South East Wales

Head teacher of troubled school cleared of charges

Danescourt Primary School
Image caption Cardiff council confirmed the head teacher had been cleared of all allegations

A head teachers' union has welcomed a decision not to bring disciplinary charges against the head of a troubled primary school.

Danescourt Primary School has been at the centre of industrial disputes after four teachers were suspended last year.

The NAHT Union said the dispute arose when head Sharon Randall-Smith addressed under-performance and sought to raise standards.

Cardiff council confirmed she has been cleared of all allegations.

"We are aware of the challenges around Danescourt Primary School and are continuing to work constructively with the board of governors and the school to resolve matters," said a council spokesman.

"We understand that a committee of the governing body has determined, in the light of an independent investigation, that the head teacher should not face any disciplinary charges.

"However, we continue to be concerned at the long-standing breakdown in relationships at the school and have been engaged in on-going discussions.

"In order to work towards a resolution of these difficulties and to identify ways forward, the council has invited ACAS (the conciliation service) to work with all parties concerned."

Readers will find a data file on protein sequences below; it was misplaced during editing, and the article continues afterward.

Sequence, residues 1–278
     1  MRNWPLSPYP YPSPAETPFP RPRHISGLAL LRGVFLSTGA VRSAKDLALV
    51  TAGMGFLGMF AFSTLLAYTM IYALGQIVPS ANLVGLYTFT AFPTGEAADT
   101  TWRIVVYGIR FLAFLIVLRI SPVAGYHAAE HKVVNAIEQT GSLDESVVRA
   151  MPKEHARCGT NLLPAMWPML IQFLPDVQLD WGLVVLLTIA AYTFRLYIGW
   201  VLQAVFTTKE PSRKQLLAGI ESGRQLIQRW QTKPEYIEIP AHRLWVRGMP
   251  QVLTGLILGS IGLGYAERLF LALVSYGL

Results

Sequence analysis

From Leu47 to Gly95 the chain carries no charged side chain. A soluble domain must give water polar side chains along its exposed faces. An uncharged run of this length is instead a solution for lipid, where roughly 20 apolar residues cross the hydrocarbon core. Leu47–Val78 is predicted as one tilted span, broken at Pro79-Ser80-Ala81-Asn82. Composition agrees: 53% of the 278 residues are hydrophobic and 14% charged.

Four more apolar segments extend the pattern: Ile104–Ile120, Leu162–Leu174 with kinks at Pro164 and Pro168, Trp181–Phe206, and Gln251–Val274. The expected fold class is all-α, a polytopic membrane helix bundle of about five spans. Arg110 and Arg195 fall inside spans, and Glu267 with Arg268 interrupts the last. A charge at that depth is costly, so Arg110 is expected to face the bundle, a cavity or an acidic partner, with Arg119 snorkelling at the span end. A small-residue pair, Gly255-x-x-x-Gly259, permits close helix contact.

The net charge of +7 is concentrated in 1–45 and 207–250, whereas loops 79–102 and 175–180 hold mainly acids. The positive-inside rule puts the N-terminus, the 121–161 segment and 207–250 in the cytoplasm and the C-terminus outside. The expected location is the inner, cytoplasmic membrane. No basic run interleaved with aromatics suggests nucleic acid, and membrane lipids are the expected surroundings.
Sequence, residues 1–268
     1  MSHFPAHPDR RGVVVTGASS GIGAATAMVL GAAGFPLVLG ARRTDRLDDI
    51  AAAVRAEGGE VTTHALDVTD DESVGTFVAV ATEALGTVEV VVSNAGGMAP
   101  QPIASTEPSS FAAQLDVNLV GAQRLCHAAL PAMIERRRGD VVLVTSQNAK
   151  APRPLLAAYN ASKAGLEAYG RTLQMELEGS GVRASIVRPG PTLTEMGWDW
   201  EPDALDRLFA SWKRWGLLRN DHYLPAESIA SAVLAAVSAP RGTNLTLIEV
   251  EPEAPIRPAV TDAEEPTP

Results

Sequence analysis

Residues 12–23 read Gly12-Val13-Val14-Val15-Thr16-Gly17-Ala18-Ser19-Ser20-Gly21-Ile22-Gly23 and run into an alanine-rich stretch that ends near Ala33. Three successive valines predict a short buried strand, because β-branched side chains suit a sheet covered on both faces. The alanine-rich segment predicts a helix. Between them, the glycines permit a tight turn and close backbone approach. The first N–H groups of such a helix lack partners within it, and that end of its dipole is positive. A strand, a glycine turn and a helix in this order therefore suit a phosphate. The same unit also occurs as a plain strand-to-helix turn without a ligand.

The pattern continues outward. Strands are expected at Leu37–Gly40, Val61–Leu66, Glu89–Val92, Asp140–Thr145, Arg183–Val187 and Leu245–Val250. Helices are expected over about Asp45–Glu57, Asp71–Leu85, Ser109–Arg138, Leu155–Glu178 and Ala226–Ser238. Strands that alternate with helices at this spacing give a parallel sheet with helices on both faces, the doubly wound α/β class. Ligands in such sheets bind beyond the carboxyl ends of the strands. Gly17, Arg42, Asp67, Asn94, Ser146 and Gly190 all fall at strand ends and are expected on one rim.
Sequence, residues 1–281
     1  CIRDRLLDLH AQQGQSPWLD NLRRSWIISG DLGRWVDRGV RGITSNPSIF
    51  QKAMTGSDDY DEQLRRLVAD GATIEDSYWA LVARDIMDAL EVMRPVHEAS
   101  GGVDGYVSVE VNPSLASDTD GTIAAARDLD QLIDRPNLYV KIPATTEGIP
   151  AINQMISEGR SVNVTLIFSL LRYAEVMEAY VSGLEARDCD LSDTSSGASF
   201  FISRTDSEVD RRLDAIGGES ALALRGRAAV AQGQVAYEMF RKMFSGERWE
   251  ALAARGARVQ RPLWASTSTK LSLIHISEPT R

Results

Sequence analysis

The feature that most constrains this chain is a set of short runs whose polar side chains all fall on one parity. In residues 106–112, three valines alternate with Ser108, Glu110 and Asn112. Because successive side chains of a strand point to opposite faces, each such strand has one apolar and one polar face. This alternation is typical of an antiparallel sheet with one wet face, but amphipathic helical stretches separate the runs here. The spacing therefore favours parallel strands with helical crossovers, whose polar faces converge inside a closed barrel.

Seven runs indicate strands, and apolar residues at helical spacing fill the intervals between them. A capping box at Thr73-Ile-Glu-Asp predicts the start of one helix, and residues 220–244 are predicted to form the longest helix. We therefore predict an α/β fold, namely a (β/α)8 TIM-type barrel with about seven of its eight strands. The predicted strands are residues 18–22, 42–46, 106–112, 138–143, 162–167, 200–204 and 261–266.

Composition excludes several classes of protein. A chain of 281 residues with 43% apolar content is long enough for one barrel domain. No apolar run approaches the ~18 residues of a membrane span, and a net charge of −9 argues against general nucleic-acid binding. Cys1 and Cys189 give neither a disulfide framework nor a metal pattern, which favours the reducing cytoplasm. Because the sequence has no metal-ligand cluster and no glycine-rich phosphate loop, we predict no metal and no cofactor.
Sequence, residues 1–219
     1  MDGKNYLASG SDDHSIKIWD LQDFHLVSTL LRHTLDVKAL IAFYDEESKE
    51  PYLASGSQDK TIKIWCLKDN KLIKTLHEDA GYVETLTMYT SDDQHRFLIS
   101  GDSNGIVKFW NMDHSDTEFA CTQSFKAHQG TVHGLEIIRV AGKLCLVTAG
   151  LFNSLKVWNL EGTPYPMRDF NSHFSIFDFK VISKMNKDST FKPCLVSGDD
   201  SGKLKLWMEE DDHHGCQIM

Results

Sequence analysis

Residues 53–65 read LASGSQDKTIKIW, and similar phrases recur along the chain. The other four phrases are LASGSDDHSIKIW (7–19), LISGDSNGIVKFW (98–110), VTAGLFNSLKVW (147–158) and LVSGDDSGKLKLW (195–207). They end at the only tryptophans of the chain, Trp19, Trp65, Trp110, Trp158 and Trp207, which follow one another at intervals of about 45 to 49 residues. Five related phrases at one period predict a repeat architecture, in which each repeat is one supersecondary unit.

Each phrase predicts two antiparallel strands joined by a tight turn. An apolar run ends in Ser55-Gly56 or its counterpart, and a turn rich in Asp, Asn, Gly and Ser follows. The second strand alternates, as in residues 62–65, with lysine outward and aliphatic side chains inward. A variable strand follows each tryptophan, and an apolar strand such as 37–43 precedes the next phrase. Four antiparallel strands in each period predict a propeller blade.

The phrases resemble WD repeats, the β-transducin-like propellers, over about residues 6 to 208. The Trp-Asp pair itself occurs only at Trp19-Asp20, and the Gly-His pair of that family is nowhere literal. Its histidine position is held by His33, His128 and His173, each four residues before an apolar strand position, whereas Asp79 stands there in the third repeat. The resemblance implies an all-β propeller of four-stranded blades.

Danescourt Primary School was formed by a merger of Danescourt junior and infant schools in 2008.

Problems at the school surfaced last October when four teachers were suspended with strike action taking place in December and February.

The council stressed previously there were no child protection issues involved at the school, which, at its last inspection report, had 348 pupils.

The suspended teachers returned to work in March and now Ms Randall-Smith has been cleared of any wrongdoing.

"The findings of an independent investigation have confirmed that the head teacher acted legitimately and professionally," said an NAHT union statement.

"The governing body has accepted the report and its findings.

"The national association of head teachers has confidence that Cardiff county council will build on this decisive finding to return a talented head teacher to duty and send out a clear message to the heads, teachers and parents of Cardiff that the council is serious about performance and will support head teachers to raise standards."

But a joint statement from other unions, NUT, NASUWT, ATL Cymru and Unison, expressed surprise at the development and said issues were still unresolved, with negotiations "delicate".

"The NAHT have acted unwisely and unhelpfully to say the least," it said.

"To release a statement suggesting that their member can return to work in circumstances in which they know matters remain unresolved is at best irresponsible."

Teaching unions have been working together towards "securing a bright and positive future" for the school.

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